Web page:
Sophocles, the most successful of the ancient Greek playwrights, garnered between eighteen and twenty-four victories in yearly competitions at the Festival of Dionysus. He wrote about 123 tragedies, of which seven are preserved. Three concern the family of Oedipus; one relates the story of Deianira and her husband, Heracles; and three are devoted to the Trojan War and its consequences. Electra, Sophocles’ only surviving play about the family of Agamemnon, preserves the basic story as Aeschylus revised it from Homer’s Odyssey (c. 725 b.c.e.; English translation, 1614) but alters the details yet again. The changes help the reader to understand Sophocles’ interpretation of the myth and the yield for humanity that he saw in it.
Homer carefully avoids the horror of matricide in his account of Orestes’ vengeance, recalling that Orestes murdered Aegisthus and properly buried both him and Clytemnestra. Though a number of alternative explanations for Clytemnestra’s death can be advanced, Aeschylus sees matricide implicit in the situation, and in the last two plays of the Oresteia (458 b.c.e.; English translation, 1777), his trilogy about the family of Agamemnon, Orestes is plagued by Furies, or in the vernacular of later ages, “driven mad by guilt” for slaying his mother. He is acquitted when the goddess Athena’s utterly unjustified vote of not guilty breaks the deadlock of an evenly divided jury. Aeschylus is concerned with exploring matters of state: how personal anguish relates to one’s obligations to a slain king and father; how humanity progresses; and what is involved in moving from one system of justice to another, here from blood vengeance to trial by jury.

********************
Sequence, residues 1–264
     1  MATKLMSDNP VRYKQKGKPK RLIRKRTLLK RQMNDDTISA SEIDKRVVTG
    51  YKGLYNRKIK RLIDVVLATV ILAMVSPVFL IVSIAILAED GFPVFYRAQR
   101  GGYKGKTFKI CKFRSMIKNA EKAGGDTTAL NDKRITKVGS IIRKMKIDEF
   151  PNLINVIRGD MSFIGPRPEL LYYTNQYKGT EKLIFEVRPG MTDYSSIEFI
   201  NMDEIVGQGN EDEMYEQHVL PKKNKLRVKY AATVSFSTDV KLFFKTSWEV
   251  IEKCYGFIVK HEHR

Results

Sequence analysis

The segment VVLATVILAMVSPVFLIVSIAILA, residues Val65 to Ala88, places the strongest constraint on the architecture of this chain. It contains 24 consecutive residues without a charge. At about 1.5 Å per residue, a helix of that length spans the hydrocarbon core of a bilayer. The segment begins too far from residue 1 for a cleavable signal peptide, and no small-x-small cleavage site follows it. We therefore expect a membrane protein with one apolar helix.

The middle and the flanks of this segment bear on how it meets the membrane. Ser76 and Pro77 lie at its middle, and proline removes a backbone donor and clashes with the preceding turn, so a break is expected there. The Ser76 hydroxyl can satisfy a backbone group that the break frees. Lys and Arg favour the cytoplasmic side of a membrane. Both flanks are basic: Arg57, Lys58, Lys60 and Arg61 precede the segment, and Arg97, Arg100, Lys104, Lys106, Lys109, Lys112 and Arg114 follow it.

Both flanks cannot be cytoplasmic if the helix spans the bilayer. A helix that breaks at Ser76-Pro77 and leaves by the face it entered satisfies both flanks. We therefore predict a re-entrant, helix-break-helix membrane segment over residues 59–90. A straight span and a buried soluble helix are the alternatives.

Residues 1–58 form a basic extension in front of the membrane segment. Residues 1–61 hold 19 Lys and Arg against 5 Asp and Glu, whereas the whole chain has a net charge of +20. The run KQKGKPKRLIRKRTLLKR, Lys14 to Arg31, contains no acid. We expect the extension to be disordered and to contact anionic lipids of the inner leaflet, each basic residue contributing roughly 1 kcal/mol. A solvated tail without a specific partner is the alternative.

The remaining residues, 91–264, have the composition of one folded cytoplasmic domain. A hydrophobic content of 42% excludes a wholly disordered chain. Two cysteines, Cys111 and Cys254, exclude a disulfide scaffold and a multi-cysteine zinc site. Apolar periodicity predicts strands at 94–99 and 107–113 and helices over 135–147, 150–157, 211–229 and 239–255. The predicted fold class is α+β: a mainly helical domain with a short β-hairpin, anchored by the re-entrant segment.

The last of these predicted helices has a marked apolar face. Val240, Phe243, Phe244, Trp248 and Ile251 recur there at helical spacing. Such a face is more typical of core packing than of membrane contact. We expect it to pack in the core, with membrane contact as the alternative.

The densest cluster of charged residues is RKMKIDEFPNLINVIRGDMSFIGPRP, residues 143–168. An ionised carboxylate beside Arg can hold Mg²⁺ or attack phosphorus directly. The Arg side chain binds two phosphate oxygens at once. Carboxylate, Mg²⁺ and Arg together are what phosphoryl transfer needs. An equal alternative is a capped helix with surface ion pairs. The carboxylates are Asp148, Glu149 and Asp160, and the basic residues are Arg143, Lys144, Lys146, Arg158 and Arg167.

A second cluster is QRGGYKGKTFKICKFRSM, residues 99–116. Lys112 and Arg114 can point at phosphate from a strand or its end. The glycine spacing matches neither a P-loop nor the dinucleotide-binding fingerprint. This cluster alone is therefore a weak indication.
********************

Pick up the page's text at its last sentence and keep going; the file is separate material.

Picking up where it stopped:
Sophocles is more interested in the ways in which experience, working with innate qualities, determines a human being’s character. The gods hardly figure in his play, and guilt is not the issue. Given their innate proclivities and experiences, his characters do what they think or feel they must do; the worst of them, Clytemnestra, sees and regrets in some measure the horrors she perpetrated, and the best, Electra, is goaded into encouraging and supporting horrors of equal magnitude.
Noble and idealistic Electra, obsessed by the loss of the father she loved and feeling repugnance for her mother that is tainted with jealousy, abandons all hope of marrying, loving a husband, and bearing children. Instead, she...
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